It's that last bit that HSC Head Coach Cameron Mull, who himself qualified twice for the Olympic trials, in 2000 and 2004, likes to focus on. Vrieze learned from a coach before his time, but he'd like to produce winners, too. But losing months of pool time has meant cramming all of his kids into four lanes and limited hours at the Arcata Community Pool, at a time when his team is growing in membership.
Mull moved here two years ago to take the head coach job. "I worked really hard to build up the Humboldt Swim Club," he says, in between shouting drills to his swimmers. "There were 85 members when I got here, and now we have 140. We need more pool space, not less."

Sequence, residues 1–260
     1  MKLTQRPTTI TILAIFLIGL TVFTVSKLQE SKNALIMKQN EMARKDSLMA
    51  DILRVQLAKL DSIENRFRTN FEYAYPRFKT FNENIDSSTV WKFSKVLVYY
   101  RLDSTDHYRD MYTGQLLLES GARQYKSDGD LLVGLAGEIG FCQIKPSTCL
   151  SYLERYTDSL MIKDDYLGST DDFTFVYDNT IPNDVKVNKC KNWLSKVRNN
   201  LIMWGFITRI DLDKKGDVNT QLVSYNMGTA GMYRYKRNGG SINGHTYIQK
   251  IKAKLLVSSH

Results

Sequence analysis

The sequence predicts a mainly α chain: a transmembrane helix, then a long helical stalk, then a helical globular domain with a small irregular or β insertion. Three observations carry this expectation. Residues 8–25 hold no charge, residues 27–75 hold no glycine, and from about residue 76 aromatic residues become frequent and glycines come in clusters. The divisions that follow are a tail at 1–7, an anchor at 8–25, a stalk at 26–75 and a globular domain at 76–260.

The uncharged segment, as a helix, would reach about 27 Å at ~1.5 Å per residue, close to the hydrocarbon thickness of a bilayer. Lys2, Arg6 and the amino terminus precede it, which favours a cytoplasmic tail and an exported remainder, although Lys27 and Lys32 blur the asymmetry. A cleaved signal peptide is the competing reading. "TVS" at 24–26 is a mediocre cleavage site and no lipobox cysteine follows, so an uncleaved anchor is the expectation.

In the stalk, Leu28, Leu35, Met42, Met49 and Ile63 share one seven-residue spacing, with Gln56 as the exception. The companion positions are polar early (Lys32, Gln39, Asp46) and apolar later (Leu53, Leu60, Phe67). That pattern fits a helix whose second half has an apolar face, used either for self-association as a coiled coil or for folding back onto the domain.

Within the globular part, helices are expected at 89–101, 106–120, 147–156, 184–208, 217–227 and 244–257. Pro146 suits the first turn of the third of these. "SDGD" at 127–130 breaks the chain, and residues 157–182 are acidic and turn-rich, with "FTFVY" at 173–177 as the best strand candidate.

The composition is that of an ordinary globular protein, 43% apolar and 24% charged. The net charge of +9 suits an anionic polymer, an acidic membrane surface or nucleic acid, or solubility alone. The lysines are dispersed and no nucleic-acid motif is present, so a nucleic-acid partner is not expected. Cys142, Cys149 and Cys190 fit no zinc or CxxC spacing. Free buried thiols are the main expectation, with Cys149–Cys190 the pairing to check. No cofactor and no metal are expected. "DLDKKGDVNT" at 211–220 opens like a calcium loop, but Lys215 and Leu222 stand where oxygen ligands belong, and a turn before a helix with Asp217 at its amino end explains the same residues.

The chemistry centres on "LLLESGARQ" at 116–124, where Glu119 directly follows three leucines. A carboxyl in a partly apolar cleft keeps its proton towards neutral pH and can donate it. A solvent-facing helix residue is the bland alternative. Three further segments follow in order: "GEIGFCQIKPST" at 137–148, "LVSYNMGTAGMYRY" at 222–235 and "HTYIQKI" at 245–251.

Normally, his team divides its practice groups between the HSU pool and the ACP, which is run by the nonprofit University Center (also associated with HSU).
Even that's not Mull's ideal. He'd prefer a 50-meter pool with deep gutters.
"Our swim club has been talking about getting support funding to build a pool," Mull says. "It's real expensive, but other clubs have done it."
There are new pools being built in the county, besides HSU's. McKinleyville High School wrestling coach Virgil Moorehead, chairman of the Big Lagoon Rancheria, has been planning for years to build a new health club and pool in McKinleyville. Now it's happening. McKinleyville Community Services District General Manager Tom Marking got the plans a couple of weeks ago. And, the county planning commission has approved the project, says Mark Gaxiola, owner of Matson & Vallerga Architects, which is designing the health club.